Hafeez-Baig, Abdul (2007) Challenges and opportunities in facilitating student engagement and empowerment: perspectives from information systems and education courses at the University of Southern Queensland, Australia. In: ED-MEDIA 2007: World Conference on Educational Multimedia, Hypermedia and Telecommunications 2007, 25-29 June 2007, Vancouver, Canada.
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Official URL: http://www.editlib.org/p/25421
[Abstract]: University qualifications are not only vehicles for training and skills development but also sites for 'value adding' and stimuli for critical reflection and fundamental questioning about the purposes of education. Viewed from this perspective, the facilitation of student engagement and empowerment can be seen as both a right and a responsibility on the part of student and university alike and as a process that benefits themselves as well as the communities to which they belong. Yet such facilitation is neither automatic nor easy. The increased diversity of student populations, the growing emphasis on multiple modes of delivery and differences across and within disciplines combine to create challenges and opportunities in fostering student engagement and empowerment. These challenges and opportunities must be identified, analysed and harnessed if the desired benefits of this engagement and empowerment are to be realised in practice. This paper illustrates this argument by analysing two courses taught by the authors at the University of Southern Queensland, Australia. This interrogation is framed by the concept of interaction being used as an evaluative lens for interrogating the courses’ success in facilitating interaction and hence in promoting student engagement and interaction. The interactive dimension of these two courses encapsulates several of the problems and possibilities facing students and academics who seek to maximise student engagement and empowerment. These problems and possibilities range from the requirements of external certifying authorities and university policies on teaching and learning to discipline-specific approaches to pedagogy and assessment and constraints and options derived from particular delivery modes. The authors argue that, unless these challenges and opportunities are embraced at the course level, broader and deeper student interaction and hence engagement and empowerment will remain unfinished business.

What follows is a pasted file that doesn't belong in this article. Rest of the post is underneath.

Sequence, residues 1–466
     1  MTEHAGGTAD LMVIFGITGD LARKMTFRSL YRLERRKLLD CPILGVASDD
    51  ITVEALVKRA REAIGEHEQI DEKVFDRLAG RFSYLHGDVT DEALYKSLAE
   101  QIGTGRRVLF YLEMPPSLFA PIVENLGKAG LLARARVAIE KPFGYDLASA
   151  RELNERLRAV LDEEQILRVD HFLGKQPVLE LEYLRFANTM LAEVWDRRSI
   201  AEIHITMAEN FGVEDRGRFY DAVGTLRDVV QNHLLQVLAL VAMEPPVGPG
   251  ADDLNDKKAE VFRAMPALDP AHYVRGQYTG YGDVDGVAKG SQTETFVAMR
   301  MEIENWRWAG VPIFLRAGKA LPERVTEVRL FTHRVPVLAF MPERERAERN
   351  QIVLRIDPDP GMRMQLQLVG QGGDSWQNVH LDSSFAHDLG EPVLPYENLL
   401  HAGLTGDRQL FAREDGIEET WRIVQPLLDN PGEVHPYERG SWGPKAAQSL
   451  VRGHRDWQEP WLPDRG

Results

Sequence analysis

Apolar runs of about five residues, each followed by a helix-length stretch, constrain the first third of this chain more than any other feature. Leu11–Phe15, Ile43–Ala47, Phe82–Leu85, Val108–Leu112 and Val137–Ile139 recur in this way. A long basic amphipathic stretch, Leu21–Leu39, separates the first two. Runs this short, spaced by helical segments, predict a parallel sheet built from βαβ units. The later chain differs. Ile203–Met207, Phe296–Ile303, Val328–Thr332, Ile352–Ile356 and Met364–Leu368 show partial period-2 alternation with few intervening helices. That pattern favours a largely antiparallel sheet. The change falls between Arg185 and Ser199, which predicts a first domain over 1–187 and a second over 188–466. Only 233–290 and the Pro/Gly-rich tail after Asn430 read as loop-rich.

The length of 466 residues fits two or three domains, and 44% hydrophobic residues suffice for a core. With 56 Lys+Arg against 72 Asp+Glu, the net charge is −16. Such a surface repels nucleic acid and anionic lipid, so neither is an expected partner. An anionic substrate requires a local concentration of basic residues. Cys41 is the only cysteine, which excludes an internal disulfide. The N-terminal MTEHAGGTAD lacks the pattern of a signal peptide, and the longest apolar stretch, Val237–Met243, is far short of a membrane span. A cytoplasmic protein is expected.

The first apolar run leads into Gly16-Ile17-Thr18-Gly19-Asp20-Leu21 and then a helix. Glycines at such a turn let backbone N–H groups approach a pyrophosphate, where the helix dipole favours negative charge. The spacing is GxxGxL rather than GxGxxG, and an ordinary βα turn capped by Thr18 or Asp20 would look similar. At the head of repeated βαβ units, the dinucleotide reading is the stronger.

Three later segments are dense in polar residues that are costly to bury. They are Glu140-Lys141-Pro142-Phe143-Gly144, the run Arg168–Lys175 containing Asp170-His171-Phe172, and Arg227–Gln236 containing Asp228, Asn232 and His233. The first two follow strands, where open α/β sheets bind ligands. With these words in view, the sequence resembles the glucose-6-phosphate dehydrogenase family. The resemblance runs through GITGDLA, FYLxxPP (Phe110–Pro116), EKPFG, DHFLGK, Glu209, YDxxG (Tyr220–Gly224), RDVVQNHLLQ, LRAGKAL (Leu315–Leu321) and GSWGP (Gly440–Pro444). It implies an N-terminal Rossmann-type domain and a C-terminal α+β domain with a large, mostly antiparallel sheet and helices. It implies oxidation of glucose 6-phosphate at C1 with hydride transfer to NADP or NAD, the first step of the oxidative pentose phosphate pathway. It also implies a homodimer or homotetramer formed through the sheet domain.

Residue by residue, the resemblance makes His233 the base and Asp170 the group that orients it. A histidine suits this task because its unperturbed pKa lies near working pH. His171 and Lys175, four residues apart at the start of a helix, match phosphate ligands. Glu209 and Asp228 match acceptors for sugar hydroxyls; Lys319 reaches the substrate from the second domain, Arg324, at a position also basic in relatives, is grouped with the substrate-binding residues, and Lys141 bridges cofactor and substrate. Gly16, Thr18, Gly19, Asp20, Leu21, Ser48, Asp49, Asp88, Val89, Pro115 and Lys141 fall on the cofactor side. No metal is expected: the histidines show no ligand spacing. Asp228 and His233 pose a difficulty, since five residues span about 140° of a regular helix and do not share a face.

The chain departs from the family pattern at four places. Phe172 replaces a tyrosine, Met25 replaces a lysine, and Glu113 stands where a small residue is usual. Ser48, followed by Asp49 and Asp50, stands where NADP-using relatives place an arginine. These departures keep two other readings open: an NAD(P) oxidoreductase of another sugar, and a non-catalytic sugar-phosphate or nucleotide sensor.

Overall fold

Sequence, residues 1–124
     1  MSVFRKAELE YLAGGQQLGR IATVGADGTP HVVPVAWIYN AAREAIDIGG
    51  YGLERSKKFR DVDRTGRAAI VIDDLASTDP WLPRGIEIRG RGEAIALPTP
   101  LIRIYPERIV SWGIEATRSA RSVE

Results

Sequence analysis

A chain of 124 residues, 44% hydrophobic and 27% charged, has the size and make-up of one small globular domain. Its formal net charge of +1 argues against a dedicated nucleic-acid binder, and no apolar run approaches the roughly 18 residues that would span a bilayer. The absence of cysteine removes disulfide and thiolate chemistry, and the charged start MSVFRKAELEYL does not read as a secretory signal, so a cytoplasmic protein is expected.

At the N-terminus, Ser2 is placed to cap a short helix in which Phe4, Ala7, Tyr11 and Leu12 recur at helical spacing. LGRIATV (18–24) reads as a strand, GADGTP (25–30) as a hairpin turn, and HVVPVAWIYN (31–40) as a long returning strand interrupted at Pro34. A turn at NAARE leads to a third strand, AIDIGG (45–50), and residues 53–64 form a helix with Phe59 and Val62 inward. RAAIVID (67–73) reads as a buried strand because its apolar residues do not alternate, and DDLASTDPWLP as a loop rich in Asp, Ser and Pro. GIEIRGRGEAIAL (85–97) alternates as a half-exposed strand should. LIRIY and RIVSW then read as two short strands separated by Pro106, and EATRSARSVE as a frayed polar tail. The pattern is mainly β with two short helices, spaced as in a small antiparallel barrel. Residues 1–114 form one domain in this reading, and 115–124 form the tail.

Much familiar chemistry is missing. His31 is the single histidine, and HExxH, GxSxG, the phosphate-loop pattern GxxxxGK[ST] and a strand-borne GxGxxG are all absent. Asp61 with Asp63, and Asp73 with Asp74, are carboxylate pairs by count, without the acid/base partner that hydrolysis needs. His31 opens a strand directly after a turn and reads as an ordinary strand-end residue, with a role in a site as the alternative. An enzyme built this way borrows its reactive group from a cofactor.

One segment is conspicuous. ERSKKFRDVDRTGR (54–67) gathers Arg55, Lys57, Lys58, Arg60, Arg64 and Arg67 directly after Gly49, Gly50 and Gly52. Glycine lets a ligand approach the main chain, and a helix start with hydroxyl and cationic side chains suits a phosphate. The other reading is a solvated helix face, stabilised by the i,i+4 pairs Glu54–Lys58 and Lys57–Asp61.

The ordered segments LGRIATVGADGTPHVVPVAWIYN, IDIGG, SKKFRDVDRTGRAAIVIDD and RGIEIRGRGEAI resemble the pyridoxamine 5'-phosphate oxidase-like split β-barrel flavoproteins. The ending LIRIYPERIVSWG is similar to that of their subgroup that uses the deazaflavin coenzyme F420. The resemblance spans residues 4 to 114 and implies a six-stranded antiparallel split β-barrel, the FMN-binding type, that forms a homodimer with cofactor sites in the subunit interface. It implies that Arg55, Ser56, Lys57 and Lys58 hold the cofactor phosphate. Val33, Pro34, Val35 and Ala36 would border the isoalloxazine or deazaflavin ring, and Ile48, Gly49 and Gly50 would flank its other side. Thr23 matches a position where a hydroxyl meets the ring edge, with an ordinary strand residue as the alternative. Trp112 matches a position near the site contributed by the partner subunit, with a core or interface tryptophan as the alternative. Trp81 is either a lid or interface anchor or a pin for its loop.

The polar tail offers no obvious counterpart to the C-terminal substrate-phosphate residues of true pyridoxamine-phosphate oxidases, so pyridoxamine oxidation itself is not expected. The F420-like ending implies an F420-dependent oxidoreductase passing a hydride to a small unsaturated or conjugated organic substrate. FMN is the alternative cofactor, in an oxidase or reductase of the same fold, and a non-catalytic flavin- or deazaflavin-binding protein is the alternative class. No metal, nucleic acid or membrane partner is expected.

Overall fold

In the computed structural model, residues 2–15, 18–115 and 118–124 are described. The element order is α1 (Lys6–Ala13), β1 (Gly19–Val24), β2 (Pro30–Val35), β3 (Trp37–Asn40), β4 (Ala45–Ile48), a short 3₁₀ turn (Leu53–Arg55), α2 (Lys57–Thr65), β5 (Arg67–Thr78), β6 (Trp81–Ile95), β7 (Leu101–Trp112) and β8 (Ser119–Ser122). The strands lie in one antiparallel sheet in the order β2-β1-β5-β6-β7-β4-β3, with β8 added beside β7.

|Item Type:||Conference or Workshop Item (Commonwealth Reporting Category E) (Paper)|
|Additional Information:||Permanent restricted access to published version due to publisher copyright policy. P.Danaher not mentioned on paper or citation. HH|
|Uncontrolled Keywords:||student engagement; student empowerment; facilitating|
|Fields of Research (FOR2008):||16 Studies in Human Society > 1608 Sociology > 160809 Sociology of Education|
13 Education > 1301 Education Systems > 130103 Higher Education
13 Education > 1303 Specialist Studies in Education > 130309 Learning Sciences
|Subjects:||330000 Education > 339900 Other Education > 339999 Other Education|
220000 Social Sciences, Humanities and Arts - General
|Socio-Economic Objective (SEO2008):||UNSPECIFIED|
|Deposited On:||31 Jan 2008 11:29|
|Last Modified:||24 May 2012 14:49|
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